Middle School Girls Glimpse Engineering Careers

The top ten college degrees by highest starting salaries are science, technology, engineering and math-related. But only twenty percent of engineering graduates are women. Some Houston middle school girls are being exposed to the possibility of science careers through a unique corporate partnership, as Ed Mayberry reports.

A group of 85 sixth-grade girls from YES Prep had the opportunity to consider engineering during ExxonMobil’s eighth annual “Introduce a Girl to Engineering” program at their technical training center in Greenspoint. Darlene Gates is with strategic planning.

“We’re just here to generate the next leaders and to inspire them. And so YES Prep was very excited about coming to ExxonMobil and it’s a great fit for us. We really have to reach out to these young ladies. When they’re in grade six is a perfect time, when they’re still, have lots of their future left, to help inspire them.”

The girls viewed technology used by geophysicists to find and produce oil and gas, in a full-sized 3D theater screen.

“And so, this is sort of a slice through the earth. So here’s the surface of the earth, and these are layers of rock. And so as geologists and geophysicists and engineers, some of our jobs are to try to unravel and try to find areas like this where we can find oil and gas.”

Virginia Dunn is a geophysical advisor at ExxonMobil. She remembers being inspired to pursue science at an early age.

“Yeah, my dad was actually a geophysicist also, so I was kinda, he worked for Conoco and I was kind of exposed to the oil industry at a pretty young age. And sometime about this age, I went on a field trip to a mine in New Jersey and saw a bunch of rocks there, and then kind of started collecting rocks from there, and the rest is history!”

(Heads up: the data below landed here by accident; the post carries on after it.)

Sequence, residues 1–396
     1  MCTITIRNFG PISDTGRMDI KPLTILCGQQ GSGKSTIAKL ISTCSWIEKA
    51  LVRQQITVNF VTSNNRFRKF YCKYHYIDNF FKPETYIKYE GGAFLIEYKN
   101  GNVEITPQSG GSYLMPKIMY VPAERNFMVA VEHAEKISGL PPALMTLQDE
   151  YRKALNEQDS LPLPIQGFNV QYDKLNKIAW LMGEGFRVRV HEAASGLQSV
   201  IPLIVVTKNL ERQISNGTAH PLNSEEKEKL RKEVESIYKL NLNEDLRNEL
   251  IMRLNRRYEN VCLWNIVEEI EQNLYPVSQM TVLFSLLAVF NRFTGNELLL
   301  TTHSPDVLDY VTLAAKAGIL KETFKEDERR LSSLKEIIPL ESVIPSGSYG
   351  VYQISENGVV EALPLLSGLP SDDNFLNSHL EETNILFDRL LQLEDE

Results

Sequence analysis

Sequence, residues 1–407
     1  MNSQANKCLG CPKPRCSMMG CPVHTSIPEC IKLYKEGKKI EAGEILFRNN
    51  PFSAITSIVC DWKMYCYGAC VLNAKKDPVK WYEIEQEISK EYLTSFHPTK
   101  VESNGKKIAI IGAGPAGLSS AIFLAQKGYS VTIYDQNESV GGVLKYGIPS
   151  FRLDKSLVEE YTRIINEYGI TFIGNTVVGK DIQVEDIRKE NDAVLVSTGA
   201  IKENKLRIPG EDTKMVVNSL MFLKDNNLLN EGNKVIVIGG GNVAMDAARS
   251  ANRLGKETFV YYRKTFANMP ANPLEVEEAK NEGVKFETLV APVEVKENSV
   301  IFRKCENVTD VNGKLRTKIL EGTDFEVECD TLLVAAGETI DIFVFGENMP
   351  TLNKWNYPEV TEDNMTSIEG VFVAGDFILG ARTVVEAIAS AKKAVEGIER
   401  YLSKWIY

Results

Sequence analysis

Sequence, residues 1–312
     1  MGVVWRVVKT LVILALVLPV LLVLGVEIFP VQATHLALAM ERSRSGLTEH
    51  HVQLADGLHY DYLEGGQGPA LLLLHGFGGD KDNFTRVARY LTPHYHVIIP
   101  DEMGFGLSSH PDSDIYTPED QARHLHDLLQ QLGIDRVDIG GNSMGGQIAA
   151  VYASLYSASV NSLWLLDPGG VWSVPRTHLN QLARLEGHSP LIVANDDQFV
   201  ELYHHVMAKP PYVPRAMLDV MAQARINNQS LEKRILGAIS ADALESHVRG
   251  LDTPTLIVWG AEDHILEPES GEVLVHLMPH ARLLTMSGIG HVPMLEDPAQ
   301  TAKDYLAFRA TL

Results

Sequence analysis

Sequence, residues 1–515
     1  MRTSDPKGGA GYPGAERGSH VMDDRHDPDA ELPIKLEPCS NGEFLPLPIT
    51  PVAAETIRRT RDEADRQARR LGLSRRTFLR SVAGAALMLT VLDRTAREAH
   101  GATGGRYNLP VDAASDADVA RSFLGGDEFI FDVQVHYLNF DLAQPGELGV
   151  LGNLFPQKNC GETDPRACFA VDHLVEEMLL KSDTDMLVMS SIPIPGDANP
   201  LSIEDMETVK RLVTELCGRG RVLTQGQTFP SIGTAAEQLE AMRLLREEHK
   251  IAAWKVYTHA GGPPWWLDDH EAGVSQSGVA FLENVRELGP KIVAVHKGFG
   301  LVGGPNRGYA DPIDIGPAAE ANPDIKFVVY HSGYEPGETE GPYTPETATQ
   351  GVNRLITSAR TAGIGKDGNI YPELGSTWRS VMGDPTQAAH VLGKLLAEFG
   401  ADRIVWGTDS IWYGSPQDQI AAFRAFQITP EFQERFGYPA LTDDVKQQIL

View photos on Flickr

Engineers Rob Stell with Jacobs Engineering and Rick Stell with ExxonMobil Chemicals — they are brothers — demonstrate how different chemicals are distilled from crude oil.

“One of my favorite parts of being a chemical engineer is distillation. And we’re gonna do distillation today. In this jar — and I have it marked with three Xs so nobody ever drinks it — four parts water, one part alcohol. I’m gonna put a little bit of that into here, and see if Mr. Rob can light it.”

Six grader Jaisa Swasty is interested in science, but comes at it from a social direction.

“Like helping the environment and finding ways to help other people who like are in the war that don’t have a lot of the instruments that help the people who get hurt.” 

Darlene Gates with ExxonMobil says starting early — with sixth graders — is important.

“It’s really important we hit them today, because they’re making the decisions today about whether or not to stay in math and science.”

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